The Horizon Report: Leveraging Technology to Enhance Student and Institutional Outcomes With an Eye to the Future
We operate in a turbulent higher education marketplace. Many forces are impacting the foundational pillars of higher education, from economic and demographic to social, cultural, and, especially, technological. Knowing how these forces will impact higher education helps leaders adjust, adapt, and plan for the future. This awareness can help an institution to survive or even flourish.
One established source for understanding trends has been the New Media Consortium’s (NMC) annual Horizon Report, which assesses short-, mid-, and long-term trends in the adoption of technology in higher education. The report also looks at the anticipated timeframe for the adoption and the challenges that might impede the adoption of that technology. Over the last 16 years, NMC has used the Delphi Method, engaging industry experts like consultant Bryan Alexander to develop, discuss, and forecast the likelihood and strength of these trends. I have used the report as homework for my academic leaders and it has been suggested reading for all university leadership for many years.
By way of background, NMC ceased operations in late 2017 and the 2018 report was therefore in peril. But luckily, EDUCAUSE boldly bid for, and was granted, ownership of the report and ongoing projects. I have supported and been associated with EDUCAUSE for years, via both its board of directors and ELI, its teaching and learning division. I have never been so proud of the leadership at EDUCAUSE that saw the value of the report and took action to preserve and enhance it.
This year’s short-term trends include a “Growing Focus on Measuring Learning” and “Redesigning Learning Spaces.” APUS has been an early adopter of measuring learning at multiple levels, and uses a variety of home-grown tools and methods as well as third-party applications like Civitas Learning’s Inspire to gauge our students’ achievement of competencies and learning outcomes, and how well and how often they engage with learning materials and faculty members.
An example of how APUS is redesigning learning spaces is the use of its 24-inch, remote-controlled telescope in Charles Town, West Virginia, by which faculty and students digitally connect to explore the cosmos from their own location. This hands-on access to high-powered tools makes the teaching and learning both relevant and innovative. As a leader, it’s gratifying to know that APUS is on the leading edge of driving such short-term trends.
The mid-term Horizon trends are “Proliferation of Open Educational Resources” and “The Rise of Interdisciplinary Studies.” The report notes that the Open Educational Resources (OER) initiative has appeared since 2013, but that the “advances in the authoring platform or curation method of open resources is now overshadowed by campus-wide OER initiatives.” This is certainly true at APUS. Since introducing our textbook grant in 2002, APUS has saved undergraduates over $134 million by providing textbooks at no cost. In 2017, APUS faculty converted 220 courses to OER courses, as well as four graduate programs to so-called “Z-Degrees,” zero-textbook-cost degrees. In addition, APUS introduced its first two new interdisciplinary terminal degrees in 2018 that combine perspectives from multiple disciplines, the Doctorate in Global Security and Doctorate in Strategic Intelligence.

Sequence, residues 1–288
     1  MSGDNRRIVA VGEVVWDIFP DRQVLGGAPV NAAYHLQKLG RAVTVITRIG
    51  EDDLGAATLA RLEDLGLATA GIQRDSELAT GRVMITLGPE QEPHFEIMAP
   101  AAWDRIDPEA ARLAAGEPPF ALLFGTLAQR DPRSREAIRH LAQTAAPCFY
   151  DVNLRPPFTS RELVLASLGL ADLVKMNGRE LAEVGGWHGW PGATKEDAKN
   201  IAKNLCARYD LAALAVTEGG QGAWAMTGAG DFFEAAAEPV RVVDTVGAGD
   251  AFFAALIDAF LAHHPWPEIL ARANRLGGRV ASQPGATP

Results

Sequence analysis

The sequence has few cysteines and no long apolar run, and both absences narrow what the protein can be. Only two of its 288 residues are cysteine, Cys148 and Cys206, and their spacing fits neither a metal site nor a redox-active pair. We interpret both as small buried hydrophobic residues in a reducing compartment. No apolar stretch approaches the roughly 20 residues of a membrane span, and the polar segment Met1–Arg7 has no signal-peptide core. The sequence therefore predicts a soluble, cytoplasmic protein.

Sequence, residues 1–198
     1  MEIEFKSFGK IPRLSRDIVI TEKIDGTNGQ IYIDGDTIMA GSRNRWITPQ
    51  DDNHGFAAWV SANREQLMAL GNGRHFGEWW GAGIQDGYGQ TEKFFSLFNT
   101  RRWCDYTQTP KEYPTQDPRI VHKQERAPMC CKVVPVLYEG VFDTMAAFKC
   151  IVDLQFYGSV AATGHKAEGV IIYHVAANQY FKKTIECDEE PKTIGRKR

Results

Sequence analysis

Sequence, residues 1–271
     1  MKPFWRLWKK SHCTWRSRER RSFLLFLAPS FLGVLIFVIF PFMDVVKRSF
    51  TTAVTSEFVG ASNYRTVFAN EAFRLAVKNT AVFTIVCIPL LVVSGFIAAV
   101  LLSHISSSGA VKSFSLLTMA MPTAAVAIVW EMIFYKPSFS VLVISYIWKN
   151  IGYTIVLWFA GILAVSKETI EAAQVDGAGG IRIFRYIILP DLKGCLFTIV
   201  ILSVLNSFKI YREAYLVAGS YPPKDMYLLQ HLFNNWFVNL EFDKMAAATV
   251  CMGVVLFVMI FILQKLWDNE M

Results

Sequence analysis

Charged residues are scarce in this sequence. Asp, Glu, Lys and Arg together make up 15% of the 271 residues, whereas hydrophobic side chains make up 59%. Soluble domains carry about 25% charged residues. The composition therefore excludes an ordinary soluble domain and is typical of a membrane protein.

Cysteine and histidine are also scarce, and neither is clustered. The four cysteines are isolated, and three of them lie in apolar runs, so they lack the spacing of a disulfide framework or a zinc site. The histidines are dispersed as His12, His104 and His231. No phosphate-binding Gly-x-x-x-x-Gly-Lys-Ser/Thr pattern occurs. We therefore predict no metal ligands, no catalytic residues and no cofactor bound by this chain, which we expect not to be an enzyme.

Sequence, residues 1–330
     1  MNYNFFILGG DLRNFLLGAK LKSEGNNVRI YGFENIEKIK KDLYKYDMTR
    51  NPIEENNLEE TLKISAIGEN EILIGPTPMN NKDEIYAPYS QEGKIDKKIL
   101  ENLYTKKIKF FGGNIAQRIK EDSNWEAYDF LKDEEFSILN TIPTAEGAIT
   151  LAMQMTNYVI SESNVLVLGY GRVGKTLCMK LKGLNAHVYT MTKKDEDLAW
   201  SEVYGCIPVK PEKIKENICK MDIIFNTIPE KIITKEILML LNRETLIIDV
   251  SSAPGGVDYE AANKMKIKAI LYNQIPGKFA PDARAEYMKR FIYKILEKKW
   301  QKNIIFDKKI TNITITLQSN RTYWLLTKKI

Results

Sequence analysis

Long-term trends reported by NMC include “Advancing Cultures of Innovation” and “Cross-Institution & Cross Sector Collaboration.” This portion of the Report helps push leaders to envision and prepare for the future. APUS, for its part, has a strategic initiative that focuses time and resources to further develop our long-established culture of innovation, an effort recognized as essential by both academic and university leadership.
Finally, APUS continually looks at ways to collaborate with other sectors and within higher education. One strong example is our efforts to create seamless reverse transfer and joint admissions pathways to community college students so that these colleges get the completions they need, and students avoid losing credits when they transfer up to 90 credits to APUS.
I’m very proud that EDUCAUSE stepped in to preserve the NMC Horizon Report. I’m also pleased to see the trends and challenges that the report indicates and to know that, in very tangible and specific ways, APUS is anticipating and meeting these trends so that we, as a university, flourish in tandem with our students because we are thoughtfully preparing for the future.